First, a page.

Classic Films in High Def

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This column was originally published in the Central Western Daily on Tuesday 28th June 2011.

The future of home entertainment is looking blu. With the steady uptake of HD screens, blu-ray is fast becoming the new standard. And just as DVDs took a few years to become popular way back in the late nineties, blu-ray disc sales have now reached a point where prices have started to come down. Titles that were initially priced at $35 – $50 a year or two ago are now on sale at the $15 mark. That’s great value for those wanting to replace their DVD collection, but not so good for early adopters.

Of course, just because a film is available in high definition does not mean that it is any good. Those extra pixels will not make Lindsay Lohan’s “acting” in I Know Who Killed Me any more convincing. And from a technical perspective, not all films will receive the same quality of remastering for a high definition release. With smaller distributors also starting to release budget titles in blu-ray, you probably get what you pay for.

Keeping in mind that this week’s latest release at full price will be in next month’s bargain bin, I suggest that your hard earned dollars go towards some of the landmark blu-ray box sets that are on the horizon. With hours of extras, nice packaging and, obviously, a classic film or seven remastered in beautiful high definition, they represent good value and will be a welcome addition to any discerning film buff’s collection.

Tomorrow will see the release of The Lord of the Rings extended edition box set. Featuring 6 blu-ray discs and 9 DVDs, you get the extended versions of all three films plus a whopping 26 hours of extras. Although it could be argued that you’d probably be able to walk to Mount Doom and back yourself in the 683 minute running time of the extended trilogy, this may well be the most comprehensive box set ever released. In fact, if a short hike to the Cracks of Doom floats your boat, the box set even comes complete with a replica ring. Priced at around $120 (that’s $8 a disc), this is great value and I recommend that you get your hairy feet down to the shops this week and buy yourself this “precious” box set.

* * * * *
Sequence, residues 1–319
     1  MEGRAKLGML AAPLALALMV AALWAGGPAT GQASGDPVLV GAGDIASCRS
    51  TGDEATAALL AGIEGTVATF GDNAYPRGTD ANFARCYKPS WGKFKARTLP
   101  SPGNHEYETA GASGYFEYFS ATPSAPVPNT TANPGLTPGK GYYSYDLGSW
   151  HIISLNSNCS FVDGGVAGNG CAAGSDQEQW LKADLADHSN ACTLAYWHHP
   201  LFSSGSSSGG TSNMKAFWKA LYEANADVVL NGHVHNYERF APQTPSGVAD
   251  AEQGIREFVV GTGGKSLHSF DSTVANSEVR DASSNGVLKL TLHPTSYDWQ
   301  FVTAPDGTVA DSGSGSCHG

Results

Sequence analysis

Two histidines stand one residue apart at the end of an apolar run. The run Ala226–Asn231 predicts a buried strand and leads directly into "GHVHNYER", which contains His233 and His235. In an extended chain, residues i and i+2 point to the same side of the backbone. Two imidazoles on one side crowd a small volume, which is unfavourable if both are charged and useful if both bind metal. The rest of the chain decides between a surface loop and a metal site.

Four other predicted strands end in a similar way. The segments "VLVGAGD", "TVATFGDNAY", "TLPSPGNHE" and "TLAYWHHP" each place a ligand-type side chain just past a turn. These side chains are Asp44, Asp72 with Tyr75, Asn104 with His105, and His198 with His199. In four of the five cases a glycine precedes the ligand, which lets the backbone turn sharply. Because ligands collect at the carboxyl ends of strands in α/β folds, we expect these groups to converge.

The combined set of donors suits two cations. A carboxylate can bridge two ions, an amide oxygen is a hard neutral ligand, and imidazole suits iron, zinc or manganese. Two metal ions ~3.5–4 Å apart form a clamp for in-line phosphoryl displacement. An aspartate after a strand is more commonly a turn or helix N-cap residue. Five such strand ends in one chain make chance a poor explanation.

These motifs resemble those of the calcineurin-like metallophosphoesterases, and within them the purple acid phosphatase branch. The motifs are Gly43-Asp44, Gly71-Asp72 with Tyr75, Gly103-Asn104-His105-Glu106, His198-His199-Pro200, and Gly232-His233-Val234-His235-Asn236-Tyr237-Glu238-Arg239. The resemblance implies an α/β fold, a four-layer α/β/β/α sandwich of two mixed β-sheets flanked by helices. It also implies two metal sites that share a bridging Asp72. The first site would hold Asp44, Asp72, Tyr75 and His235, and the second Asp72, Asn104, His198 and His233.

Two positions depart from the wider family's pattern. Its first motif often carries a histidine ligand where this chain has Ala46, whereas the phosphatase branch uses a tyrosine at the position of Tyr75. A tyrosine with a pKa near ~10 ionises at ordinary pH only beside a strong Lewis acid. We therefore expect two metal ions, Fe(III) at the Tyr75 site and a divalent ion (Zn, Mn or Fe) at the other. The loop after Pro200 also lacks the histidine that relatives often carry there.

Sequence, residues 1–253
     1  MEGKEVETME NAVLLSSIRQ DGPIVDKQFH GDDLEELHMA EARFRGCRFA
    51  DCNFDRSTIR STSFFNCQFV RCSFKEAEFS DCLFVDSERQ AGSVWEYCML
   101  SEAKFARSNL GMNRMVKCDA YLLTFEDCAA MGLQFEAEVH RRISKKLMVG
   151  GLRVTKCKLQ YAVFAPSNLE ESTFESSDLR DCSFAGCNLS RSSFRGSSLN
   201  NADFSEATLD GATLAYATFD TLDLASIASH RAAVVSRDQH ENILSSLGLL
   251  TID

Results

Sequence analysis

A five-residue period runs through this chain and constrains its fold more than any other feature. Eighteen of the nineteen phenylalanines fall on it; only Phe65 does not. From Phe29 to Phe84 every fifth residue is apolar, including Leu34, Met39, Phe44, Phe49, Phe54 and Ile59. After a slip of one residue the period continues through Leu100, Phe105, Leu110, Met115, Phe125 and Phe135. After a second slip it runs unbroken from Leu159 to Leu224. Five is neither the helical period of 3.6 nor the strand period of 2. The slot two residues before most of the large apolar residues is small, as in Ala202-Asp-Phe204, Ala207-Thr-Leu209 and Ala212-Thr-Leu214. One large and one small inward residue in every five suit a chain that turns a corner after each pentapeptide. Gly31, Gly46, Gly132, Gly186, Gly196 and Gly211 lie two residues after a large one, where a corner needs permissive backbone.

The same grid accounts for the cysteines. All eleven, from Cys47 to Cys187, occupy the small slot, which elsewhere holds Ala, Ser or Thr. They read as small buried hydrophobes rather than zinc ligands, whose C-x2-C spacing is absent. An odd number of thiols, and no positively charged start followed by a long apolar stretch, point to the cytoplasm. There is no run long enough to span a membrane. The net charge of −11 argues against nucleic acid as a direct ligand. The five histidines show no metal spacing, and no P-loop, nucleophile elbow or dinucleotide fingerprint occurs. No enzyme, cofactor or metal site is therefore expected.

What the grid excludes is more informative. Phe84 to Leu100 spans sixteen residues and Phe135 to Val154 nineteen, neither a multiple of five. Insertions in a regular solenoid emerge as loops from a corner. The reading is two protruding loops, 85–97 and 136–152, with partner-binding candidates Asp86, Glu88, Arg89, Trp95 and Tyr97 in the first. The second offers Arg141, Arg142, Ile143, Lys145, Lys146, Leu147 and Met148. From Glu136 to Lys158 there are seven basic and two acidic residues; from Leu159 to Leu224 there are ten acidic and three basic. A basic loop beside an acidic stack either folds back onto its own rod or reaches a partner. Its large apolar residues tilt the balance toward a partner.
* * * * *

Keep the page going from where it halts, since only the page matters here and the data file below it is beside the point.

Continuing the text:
All geeks should have September 14 marked in their smart phone calendars. This is the day where we all get to reach into our pockets and buy Star Wars for the umpteenth time. That’s right, George Lucas has finally relented to fan requests and made Episodes I – VI available on blu-ray for the first time. I’m sure it won’t do his bank balance any harm either. For about $140, you’ll get all six films and over 30 hours of documentaries and extras on 9 discs. If, like me, you’re Jar Jar intolerant and prefer to pretend the prequel trilogy doesn’t exist, both trilogies will be available separately too.

For the more astute film buff, I’d certainly recommend the Stanley Kubrick: Visionary Filmmaker Collection which features seven iconic films plus extensive documentaries over 8 discs. This set, currently discounted to around $70 at one of the larger DVD retailers, includes Lolita and Barry Lyndon for the first time ever in high definition. Worth the price of the set alone is the bonus feature length documentary, Stanley Kubrick: A Life in Pictures.

The Al Pacino classic Scarface will also get a high definition makeover in September. For around $60, you’ll get a Tony Montana signature money clip, a dollar bill featuring Tony’s face, a replica of his green card and three art cards, all housed in a wooden cigar box. Did I mention you also get the movie on blu-ray? A modern classic, I’ll be saying hello to my new little friend in September.

Lastly, if you love the small of napalm in the morning, you’ll also love the new remastered triple disc Apocalypse Now box set. Complete with transfers supervised by Francis Ford Coppola himself, this new edition will be laden with extras including the brilliant documentary about the making of this classic, Hearts of Darkness, also in high definition for the first time.